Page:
I was on a train to Gloucester earlier this week and my eyes were drawn to the laptop screen of the woman sitting next to me: the title of the paper she was working on had ‘ethnography’ in it. We began chatting it transpired that she’s Dr. Susan Balderston, a research fellow at Birmingham University. Her current 4-year ethnographic research project is focused on women in prisons. Continue reading “Serendipity”
1. Think of three good research questions that could be answered using this approach.
It’s worth noting that I have a personal interest in each of the three possible areas of study outlined below. As Blum Malley and Hawkins advise, “no matter what, the most important factor when selecting your own site is choosing a place or space or group of people to whom you already feel connected in some way, either by direct membership, burgeoning interest, or cultural/political belief…’ Continue reading “Ethnography as a research method”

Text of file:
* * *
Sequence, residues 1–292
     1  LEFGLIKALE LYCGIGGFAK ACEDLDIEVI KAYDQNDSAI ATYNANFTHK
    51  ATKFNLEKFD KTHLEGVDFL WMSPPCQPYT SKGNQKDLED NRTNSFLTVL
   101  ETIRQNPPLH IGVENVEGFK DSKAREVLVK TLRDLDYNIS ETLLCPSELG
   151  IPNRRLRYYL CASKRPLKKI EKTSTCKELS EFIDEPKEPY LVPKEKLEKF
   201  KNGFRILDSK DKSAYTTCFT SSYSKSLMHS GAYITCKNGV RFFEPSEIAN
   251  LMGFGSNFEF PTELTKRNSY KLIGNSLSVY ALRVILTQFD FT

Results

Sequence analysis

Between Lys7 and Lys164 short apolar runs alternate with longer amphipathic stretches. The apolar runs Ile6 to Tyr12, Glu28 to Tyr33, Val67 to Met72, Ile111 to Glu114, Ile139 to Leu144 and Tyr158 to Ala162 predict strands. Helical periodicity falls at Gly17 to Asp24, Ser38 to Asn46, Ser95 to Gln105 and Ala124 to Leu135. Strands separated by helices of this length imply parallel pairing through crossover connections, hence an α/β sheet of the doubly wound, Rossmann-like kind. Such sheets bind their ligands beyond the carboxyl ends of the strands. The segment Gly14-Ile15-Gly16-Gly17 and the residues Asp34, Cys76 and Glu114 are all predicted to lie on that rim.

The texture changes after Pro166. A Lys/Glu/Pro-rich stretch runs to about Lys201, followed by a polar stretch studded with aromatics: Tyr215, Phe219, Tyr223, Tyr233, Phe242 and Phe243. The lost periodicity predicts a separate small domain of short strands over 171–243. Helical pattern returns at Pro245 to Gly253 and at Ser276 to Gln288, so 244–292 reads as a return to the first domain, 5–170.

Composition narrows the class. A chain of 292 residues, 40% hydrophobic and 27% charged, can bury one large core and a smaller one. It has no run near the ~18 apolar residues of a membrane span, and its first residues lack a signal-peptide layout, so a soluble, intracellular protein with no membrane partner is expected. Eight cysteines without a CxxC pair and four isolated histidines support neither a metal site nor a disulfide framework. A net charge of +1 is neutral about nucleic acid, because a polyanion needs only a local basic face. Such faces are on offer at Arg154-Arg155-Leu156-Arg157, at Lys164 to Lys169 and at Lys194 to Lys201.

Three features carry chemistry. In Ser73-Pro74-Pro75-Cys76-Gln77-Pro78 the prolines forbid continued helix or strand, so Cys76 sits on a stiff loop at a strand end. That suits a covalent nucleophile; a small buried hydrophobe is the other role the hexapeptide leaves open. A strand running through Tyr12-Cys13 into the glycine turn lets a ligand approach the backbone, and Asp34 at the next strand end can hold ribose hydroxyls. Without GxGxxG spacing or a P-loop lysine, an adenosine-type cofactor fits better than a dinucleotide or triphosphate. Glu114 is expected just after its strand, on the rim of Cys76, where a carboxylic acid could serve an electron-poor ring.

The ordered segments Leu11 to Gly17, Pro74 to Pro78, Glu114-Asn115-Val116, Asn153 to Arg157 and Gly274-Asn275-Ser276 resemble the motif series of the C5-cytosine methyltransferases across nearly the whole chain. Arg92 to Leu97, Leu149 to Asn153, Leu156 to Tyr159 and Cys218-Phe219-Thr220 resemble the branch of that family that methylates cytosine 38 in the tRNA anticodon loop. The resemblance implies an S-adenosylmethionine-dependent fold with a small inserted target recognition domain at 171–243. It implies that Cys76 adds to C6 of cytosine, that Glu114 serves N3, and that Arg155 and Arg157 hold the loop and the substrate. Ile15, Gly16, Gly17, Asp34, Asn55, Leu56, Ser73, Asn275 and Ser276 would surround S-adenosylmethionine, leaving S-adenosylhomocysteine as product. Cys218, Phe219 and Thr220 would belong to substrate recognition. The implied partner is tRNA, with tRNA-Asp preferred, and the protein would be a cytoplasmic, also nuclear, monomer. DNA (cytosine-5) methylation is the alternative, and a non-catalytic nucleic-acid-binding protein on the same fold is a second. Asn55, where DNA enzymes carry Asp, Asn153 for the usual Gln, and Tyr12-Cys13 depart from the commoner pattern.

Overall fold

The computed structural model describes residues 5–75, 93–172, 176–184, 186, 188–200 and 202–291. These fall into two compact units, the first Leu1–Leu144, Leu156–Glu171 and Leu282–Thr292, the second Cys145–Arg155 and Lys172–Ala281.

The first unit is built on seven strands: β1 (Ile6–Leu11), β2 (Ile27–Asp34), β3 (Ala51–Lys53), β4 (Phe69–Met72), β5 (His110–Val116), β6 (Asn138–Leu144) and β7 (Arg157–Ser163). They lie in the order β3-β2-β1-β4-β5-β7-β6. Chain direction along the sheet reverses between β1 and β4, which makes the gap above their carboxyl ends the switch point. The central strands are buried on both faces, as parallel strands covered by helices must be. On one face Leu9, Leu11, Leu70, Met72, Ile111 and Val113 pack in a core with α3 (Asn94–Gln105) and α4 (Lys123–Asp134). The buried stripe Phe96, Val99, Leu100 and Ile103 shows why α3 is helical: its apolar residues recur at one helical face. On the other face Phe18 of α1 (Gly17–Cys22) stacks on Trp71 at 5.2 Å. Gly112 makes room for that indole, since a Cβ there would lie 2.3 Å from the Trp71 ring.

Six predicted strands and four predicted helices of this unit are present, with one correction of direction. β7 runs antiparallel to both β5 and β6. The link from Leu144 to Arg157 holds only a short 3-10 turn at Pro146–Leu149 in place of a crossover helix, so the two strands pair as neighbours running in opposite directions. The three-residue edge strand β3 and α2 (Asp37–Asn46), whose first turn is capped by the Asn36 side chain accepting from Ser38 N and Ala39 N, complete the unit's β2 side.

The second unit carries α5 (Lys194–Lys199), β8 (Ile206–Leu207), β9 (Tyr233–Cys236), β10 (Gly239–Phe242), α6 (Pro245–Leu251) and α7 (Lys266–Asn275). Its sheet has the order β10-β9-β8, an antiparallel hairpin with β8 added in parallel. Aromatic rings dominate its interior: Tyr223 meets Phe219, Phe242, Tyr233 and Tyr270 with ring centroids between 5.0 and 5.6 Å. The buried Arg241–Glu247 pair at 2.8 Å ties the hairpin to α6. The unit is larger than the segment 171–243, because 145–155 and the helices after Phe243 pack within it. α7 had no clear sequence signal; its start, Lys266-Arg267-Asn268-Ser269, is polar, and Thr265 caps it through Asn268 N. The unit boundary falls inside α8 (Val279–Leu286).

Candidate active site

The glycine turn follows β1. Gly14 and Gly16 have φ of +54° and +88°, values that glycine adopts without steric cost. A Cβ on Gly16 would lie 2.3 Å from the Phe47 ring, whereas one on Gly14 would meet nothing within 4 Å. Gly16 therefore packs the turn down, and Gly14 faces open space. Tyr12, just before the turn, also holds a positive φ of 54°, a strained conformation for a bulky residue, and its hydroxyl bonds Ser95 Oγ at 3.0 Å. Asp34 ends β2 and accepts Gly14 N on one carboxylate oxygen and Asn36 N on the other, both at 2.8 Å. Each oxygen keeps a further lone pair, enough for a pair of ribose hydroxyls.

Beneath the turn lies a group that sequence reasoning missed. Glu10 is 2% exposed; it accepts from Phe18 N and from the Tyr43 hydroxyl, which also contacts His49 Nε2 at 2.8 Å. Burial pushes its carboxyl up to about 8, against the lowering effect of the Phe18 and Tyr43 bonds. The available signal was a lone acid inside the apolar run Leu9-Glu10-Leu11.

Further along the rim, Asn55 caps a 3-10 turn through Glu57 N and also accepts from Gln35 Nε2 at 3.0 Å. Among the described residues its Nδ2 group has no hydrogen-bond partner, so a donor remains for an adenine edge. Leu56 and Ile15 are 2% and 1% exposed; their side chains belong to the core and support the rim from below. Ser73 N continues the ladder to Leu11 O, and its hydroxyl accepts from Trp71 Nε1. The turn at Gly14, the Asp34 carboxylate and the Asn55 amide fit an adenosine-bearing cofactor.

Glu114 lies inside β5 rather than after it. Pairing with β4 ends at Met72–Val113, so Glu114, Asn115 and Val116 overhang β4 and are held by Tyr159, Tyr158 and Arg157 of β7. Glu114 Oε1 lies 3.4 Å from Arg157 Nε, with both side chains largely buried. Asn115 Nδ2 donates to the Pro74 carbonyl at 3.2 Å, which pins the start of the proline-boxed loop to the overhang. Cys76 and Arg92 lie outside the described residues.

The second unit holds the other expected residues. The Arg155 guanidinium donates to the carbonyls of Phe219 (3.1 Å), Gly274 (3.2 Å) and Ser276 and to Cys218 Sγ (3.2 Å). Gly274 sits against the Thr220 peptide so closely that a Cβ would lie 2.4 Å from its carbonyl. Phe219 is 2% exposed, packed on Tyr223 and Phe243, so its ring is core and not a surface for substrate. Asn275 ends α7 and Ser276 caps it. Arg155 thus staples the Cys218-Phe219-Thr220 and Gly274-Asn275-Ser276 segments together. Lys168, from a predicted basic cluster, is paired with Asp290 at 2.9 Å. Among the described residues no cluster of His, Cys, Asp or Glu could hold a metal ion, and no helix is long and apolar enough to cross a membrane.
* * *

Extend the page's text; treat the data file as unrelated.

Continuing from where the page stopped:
This week’s adventure in research involved engaging in an observation and taking notes. This was the challenge:
“Find a public space that interests you and spend a few hours (over a period of a few days, ideally) making some field notes about what you see going on. The following questions might be useful as a guide to your field notes:
- Where are you? – describe the setting in as much detail as you can.
- Why did you choose this setting?
- What activities are people undertaking? What interactions are occurring?
- What sparks your curiosity about where you are and what is going on?
- If you were new to this culture, what might you wonder about?”